I took this shot of jazz great Peter Appleyard, the wizard of the vibraphone, back in 2009:
So how did I do this – what was behind my decisions?
Here’s my thinking and execution:
- This called for a “situational” portrait; an environmental portrait showing him at work, as it were.
- I therefore used a 24mm lens on a full frame camera (in fact it was the 16-35 f/2.8L set to 24). 24mm is nice and wide, but not so wide I get crazy distortion in the subject (provided the subject is small in the image).
- I bounced my flash behind me to the left, off the ceiling.
- Since the venue was dark, and I wanted a lighter background, I used not my normal “400-40-4” settings, but 400-30-2.8 – ie a stop and a third lighter in the background. 400 ISO, 1/30th second. f/2.8. (Since I am using a wide lens, f/2.8 gives me enough DOF. Since I am freezing the subject with flash, 1/30th second is fast enough).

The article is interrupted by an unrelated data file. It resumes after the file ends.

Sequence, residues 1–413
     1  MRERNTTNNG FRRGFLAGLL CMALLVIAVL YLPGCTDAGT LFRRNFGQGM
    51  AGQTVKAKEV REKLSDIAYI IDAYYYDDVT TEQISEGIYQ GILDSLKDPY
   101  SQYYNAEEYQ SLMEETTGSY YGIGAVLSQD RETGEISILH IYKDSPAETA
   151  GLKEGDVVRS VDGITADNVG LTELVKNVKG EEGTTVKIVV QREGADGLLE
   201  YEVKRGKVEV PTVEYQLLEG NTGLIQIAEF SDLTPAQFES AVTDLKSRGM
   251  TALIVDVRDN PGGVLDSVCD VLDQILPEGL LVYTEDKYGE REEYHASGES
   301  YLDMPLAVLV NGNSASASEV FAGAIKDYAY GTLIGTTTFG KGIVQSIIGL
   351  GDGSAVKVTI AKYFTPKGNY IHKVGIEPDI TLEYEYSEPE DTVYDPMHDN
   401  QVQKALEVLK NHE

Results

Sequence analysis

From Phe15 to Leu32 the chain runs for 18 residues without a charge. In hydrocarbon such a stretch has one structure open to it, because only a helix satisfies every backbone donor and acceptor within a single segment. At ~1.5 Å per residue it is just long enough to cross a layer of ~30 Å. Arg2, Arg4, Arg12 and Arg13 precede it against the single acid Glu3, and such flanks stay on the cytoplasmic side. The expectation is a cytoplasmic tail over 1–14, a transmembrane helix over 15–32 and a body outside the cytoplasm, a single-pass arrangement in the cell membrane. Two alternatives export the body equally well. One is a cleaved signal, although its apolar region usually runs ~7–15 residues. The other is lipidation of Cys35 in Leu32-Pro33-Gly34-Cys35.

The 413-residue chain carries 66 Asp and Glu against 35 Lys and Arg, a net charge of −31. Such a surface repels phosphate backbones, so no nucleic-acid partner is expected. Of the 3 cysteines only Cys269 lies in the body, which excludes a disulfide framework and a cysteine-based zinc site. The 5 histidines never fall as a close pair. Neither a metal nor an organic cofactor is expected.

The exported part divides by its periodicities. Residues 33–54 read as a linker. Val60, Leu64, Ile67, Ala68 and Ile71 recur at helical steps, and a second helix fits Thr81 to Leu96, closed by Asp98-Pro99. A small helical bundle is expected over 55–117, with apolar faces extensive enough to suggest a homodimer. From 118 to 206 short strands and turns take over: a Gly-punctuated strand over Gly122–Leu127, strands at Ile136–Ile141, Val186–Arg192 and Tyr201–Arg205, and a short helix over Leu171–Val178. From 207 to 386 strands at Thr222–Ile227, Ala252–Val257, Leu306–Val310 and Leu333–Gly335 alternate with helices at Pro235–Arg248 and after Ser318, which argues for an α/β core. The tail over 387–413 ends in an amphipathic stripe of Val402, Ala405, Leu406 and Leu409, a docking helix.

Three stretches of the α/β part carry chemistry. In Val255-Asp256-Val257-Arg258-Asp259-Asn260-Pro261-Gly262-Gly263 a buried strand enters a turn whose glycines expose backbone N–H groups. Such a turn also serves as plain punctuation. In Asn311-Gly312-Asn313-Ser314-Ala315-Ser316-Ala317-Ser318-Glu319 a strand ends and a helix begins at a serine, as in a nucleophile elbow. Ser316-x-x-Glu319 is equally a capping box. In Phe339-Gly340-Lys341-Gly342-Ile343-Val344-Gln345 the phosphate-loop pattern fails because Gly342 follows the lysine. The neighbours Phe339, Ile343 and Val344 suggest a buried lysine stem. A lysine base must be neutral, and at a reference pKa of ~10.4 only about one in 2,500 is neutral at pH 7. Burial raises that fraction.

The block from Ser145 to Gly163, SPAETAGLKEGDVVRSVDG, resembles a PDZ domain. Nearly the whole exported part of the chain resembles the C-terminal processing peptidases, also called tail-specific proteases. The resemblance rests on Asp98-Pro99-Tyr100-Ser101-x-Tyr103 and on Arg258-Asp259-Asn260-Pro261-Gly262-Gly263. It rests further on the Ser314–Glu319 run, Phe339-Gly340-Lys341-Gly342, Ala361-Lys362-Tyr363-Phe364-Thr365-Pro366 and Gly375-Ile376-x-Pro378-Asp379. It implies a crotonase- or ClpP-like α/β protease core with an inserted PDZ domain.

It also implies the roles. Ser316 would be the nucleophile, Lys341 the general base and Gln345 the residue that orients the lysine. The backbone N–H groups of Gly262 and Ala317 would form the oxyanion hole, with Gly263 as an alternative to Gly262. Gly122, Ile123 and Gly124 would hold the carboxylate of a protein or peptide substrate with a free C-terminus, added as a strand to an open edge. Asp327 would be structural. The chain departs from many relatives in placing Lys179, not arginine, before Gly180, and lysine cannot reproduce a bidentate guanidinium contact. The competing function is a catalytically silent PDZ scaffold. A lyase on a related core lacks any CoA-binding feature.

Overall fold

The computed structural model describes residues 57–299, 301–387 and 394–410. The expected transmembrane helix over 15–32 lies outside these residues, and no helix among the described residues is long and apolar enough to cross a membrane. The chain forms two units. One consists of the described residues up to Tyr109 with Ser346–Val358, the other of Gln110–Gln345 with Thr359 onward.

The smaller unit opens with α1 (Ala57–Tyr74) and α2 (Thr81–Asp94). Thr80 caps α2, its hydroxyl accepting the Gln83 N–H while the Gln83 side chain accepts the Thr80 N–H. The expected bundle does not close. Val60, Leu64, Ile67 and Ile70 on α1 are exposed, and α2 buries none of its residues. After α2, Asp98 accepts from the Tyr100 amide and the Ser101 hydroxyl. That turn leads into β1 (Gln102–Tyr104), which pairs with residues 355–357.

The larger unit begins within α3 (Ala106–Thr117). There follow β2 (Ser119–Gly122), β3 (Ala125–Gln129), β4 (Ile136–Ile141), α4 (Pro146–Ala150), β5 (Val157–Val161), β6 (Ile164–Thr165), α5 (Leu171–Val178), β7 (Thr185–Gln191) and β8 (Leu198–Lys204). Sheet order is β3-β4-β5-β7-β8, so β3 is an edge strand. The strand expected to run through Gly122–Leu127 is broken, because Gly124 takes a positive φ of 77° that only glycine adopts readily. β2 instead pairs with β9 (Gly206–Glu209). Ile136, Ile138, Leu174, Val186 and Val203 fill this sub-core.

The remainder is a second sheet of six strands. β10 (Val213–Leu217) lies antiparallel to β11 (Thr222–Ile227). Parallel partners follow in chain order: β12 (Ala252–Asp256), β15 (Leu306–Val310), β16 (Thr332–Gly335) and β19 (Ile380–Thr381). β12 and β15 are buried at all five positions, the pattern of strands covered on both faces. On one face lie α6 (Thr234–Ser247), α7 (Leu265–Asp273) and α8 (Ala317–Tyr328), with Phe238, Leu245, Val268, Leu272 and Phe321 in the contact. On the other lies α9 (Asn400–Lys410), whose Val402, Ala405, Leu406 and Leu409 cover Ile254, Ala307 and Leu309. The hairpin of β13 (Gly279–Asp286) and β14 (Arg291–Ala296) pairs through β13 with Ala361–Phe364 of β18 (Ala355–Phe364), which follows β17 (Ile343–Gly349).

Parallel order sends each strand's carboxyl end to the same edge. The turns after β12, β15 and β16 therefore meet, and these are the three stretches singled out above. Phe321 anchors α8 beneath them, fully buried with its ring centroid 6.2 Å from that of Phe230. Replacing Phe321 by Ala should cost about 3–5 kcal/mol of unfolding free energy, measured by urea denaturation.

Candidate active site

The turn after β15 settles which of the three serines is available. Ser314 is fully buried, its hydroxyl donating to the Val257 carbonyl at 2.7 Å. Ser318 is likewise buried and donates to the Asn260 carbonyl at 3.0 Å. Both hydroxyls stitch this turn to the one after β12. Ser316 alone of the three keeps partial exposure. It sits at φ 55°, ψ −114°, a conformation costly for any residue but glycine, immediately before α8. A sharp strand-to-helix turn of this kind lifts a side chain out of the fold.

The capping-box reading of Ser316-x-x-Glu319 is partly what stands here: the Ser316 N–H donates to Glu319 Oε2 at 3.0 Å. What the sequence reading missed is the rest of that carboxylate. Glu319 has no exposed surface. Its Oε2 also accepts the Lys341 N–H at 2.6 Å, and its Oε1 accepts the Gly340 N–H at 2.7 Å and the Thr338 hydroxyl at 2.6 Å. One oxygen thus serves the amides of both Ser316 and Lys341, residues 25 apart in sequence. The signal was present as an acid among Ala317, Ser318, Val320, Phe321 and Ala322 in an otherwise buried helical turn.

- I used “off-centre” composition (using the Rule of Thirds).
- I focused on Mr Appleyard, using one focus point, then recomposing.
- I stayed ou t of the way of the audience as much as possible.
This is the thinking that goes though a photographer’s mind quickly. Practice the same – think about things like lens, light, exposure, and composition. You will see you will get quick at this just by asking the right questions.